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Are our pets leaking information about us?

By Newcastle University
 pet cat and dog rest on the grass

We’re a nation of pet owners, and pet tech has increasingly become a responsible way of caring for and protecting our animals. But how might these new technologies be putting our personal data at risk?

What are pet technologies?

The use of pet tech – technology which improves the health, wellbeing, and overall quality of life of pets – is on the rise among the general public. It includes a wide range of products, including GPS location devices, pet cameras, and automatic feeders, which can also be used to dispense medication.

Specific examples of pet tech include wearable devices that monitor a pet's activity levels, heart rate, and sleep patterns, as well as smart feeding systems that dispense food on a set schedule or in response to the animal's behaviour. There are also apps and platforms that allow owners to track and manage their pets' health records and connect with veterinary professionals.

Is pet tech leaking your information?

Computer scientists at Newcastle University and Royal Holloway, University of London have exposed multiple security and privacy issues by evaluating 40 popular Android apps for pets and other companion animals as well as farm animals.

The results show that several of these apps are putting their users at risk by exposing their login or location details.

In a study of animal-related applications, the research team performed static, dynamic, and network traffic analysis on 40 apps (20 pet and 20 farm). The experiments were to assess how the apps perform in terms of privacy and whether any serious security vulnerabilities were present within them.

Password vulnerability was one of the areas exposed by the team. They identified three applications that had the user's login details visible in plain text within non-secure HTTP traffic. This means that anyone is able to observe the internet traffic of someone using one of these apps and will be able to find out their login information. This would enable them to access this app and further user accounts with the same login details. In addition to login information, two of the apps also showed user details, such as their address and exact location, that may enable someone to gain access to their devices and risk a cyber-attack.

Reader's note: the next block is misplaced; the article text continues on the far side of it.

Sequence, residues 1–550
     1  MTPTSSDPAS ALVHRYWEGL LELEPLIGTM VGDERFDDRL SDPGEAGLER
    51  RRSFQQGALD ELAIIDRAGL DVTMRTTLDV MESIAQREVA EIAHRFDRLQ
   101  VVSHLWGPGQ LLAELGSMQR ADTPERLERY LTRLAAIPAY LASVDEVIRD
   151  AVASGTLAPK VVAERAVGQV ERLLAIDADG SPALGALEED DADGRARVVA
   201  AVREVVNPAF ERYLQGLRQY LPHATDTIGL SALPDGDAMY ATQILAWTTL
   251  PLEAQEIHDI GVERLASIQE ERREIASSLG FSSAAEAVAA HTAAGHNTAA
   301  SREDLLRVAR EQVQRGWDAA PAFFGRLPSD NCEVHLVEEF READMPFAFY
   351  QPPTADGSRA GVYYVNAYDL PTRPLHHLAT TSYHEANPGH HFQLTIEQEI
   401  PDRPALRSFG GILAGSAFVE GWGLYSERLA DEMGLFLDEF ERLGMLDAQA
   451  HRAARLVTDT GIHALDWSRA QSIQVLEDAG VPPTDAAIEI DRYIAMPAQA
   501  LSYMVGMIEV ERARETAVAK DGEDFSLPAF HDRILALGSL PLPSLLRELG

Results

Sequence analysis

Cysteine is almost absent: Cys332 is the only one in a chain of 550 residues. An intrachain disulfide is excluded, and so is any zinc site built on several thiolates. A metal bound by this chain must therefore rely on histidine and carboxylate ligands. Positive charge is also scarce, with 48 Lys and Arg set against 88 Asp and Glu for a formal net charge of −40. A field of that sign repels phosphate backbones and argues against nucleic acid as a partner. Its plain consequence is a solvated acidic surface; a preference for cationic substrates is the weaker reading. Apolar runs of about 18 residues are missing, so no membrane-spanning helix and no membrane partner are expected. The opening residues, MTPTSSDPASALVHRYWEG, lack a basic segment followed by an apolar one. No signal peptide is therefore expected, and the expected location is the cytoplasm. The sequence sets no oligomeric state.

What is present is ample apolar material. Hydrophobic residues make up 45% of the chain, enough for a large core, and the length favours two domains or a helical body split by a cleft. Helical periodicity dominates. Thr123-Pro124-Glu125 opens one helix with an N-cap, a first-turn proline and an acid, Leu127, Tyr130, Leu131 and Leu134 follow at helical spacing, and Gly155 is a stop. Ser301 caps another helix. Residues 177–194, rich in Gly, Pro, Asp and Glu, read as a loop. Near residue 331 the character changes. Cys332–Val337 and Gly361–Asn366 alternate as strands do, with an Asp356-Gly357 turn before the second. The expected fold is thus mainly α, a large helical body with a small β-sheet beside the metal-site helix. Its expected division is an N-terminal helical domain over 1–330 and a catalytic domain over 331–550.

Issues with trackers and privacy policies

Another area of concern identified in the study was the use of trackers. All but four of the applications were found to feature some form of tracking software. A tracker is a piece of software that gathers information on the person using the application, on how they use it, or on the smartphone being used.

The scientists also warn that the apps perform very poorly in terms of notifying the user of their privacy policy. Their analysis shows that 21 of the apps are tracking the user in some way before the user even has a chance to consent to this, violating current data protection regulations.

Additionally, the privacy policies were communicated poorly, with only 4 of the apps explicitly requiring the consent of the user after clearly showing the privacy policy. 23 of the apps had no mention of their privacy policy at all.

What precautions are pet tech users taking?

A second study by the research team included a survey of almost 600 participants from the UK, USA, and Germany. The researchers asked questions about the technologies used, incidents that have occurred or participants believe may occur, and the methods used by participants to protect their online security and privacy and whether they apply these to their pet tech.

Published in the journal Proceedings of the 12th International Conference on the Internet of Things, the findings show that participants do believe that a range of attacks may occur targeting their pet tech. Despite this, they take few precautions to protect themselves and their pets from the possible risks and harms of these technologies. There is a clear difference between the number of precautions taken for general online use and pet technologies, among participants. This highlights that users likely take the risks of pet tech devices and systems less seriously and view attacks against them as less of a threat.

Recommendations for Pet Tech Users

The researchers urge those who are using pet tech, to ensure they are using a unique password only for that app, check the settings and consider what data they are sharing. Owners should be aware of the risks and research any new 'Internet of Things' devices they bring into their home. Guides such as Mozilla's `*Privacy Not Included' project are available to help inform consumers on the potential security and privacy risks of these devices.



Harper, M. Mehrnezhad and M. Leach, "Are Our Animals Leaking Information About Us? Security and Privacy Evaluation of Animal-related Apps," 2022 IEEE European Symposium on Security and Privacy Workshops (EuroS&PW), Genoa, Italy, 2022, pp. 38-51, doi: 10.1109/EuroSPW55150.2022.00012.

Harper, S., Mehrnezhad, M., & Leach, M. (2022). Security and privacy concerns of Pet Tech Users. Proceedings of the 12th International Conference on the Internet of Things. https://doi.org/10.1145/3567445.3571102

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Tags: Data, Research, Research Excellence